I don’t trust anyone who remembers gym class fondly, and neither should you. What’s fun about your teacher (who should protect you) granting your most popular, most athletic classmates the power to humiliate their less-coordinated, dorkier peers by choosing teams for a made-up middle school sport, like the one where you basically just crash into each other on seated scooters? What could be worse than being forced to submerge oneself in chlorine in the middle of the school day, only to feel cold and smelly and dry-skinned the rest of the day? Where are the so-called Presidential Fitness Award winners now? Are they still doing four or more successive pull-ups, like X-Men or something?
Actually, it might be easier to spot a former gym class–loving freak than you thought — they’re the ones who are still super into exercise, according to a new study published in the Translational Journal of the American College of Sports Medicine. For most people, say the study’s authors, physical activity decreases dramatically from childhood to adulthood. That decline is especially likely if you grew up a gym class hater.
Studies show that two-thirds of American adults rarely, if ever, exercise, and scientists have long believed that one’s attitude toward exercise plays a large role in that lack of interest or desire to work out. They just didn’t know until recently that attitude was shaped so early.
The study’s researchers, based at Iowa State University, surveyed more than a thousand men and women between the ages of 18 and 45 on their feelings about gym class, and were surprised by the “vivid and emotionally charged” nature of the responses. Common negative associations reported by participants were embarrassment (mentioned by 34 percent of those who had bad memories of gym class), lack of enjoyment (18 percent), and hating changing clothes in the locker room (14 percent). To all of the above, I say: same.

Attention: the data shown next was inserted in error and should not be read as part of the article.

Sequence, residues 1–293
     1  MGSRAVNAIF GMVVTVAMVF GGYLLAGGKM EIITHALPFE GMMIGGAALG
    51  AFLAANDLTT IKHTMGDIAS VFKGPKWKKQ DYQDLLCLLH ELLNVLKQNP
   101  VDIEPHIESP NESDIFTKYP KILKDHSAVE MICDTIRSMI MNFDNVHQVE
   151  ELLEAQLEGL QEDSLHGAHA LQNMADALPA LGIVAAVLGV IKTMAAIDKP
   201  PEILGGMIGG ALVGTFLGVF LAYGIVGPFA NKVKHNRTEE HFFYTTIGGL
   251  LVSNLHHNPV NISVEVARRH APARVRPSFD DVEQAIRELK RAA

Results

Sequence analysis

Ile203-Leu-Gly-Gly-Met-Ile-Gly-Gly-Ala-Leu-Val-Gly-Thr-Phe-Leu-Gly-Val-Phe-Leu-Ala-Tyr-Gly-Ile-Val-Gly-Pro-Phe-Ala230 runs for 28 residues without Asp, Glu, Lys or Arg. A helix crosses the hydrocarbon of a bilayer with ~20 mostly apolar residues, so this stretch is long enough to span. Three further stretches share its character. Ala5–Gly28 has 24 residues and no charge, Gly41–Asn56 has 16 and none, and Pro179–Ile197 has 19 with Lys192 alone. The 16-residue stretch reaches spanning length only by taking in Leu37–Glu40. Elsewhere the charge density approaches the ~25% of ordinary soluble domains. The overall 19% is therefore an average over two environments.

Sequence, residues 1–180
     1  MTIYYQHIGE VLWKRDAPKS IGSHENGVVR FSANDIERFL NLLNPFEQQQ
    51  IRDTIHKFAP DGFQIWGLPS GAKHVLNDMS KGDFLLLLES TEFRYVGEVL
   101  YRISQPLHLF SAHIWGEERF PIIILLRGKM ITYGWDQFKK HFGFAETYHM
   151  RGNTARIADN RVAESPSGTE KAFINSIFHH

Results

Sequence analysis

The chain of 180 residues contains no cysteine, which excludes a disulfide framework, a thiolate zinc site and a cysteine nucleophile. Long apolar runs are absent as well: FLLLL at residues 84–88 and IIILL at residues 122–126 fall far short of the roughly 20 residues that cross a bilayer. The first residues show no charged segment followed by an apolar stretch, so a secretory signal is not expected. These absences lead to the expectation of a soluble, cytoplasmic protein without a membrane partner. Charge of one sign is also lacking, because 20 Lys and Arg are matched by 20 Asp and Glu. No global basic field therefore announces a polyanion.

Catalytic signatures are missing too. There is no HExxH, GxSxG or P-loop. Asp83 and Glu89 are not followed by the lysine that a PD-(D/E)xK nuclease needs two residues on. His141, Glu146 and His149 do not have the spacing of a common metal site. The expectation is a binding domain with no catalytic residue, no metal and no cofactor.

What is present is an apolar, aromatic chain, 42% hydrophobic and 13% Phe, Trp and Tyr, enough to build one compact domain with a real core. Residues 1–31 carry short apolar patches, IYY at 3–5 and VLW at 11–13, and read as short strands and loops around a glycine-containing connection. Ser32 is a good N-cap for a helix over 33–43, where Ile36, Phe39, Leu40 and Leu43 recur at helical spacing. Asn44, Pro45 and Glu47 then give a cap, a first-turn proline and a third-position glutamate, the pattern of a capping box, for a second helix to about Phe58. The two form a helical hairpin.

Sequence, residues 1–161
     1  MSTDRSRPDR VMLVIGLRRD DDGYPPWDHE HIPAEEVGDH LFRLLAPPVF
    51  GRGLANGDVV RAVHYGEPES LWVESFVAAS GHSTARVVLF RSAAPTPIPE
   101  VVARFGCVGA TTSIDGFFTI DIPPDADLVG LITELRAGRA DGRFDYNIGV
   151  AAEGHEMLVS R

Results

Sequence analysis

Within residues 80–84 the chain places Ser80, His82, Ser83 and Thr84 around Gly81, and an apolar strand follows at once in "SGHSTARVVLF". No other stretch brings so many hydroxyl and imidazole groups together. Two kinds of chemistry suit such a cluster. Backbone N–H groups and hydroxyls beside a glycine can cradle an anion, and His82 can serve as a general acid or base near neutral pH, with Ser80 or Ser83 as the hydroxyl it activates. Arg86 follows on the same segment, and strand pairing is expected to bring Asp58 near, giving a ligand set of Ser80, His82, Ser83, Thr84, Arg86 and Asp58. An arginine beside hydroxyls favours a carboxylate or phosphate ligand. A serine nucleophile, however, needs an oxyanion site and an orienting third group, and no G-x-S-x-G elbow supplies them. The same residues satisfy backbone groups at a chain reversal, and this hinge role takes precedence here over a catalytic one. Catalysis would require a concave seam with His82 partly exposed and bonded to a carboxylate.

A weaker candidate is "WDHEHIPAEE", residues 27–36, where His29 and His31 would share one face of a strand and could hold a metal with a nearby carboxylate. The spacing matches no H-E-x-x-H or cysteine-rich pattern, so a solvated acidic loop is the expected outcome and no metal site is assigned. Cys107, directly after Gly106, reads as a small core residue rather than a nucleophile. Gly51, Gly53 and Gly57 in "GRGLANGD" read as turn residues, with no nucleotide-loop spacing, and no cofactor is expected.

Researchers found that those survey respondents with the most negative attitudes toward gym class were correspondingly disinclined toward exercise as adults, and were more likely to report they had no intention of exercising in the next few days. While the study’s authors acknowledge that these results may indicate reverse causation in some cases (e.g., an unathletic kid who didn’t like gym class may grow up to be an unathletic, inactive adult because of that lack of athleticism rather than their dislike of gym class), they argue that their findings suggest the formative potential of childhood gym classes on some adult attitudes. The good news (in many senses) is that one’s middle-school experience need not determine the rest of one’s life; even if you hated gym class, it’s always possible to reframe your feelings about exercise to be more positive.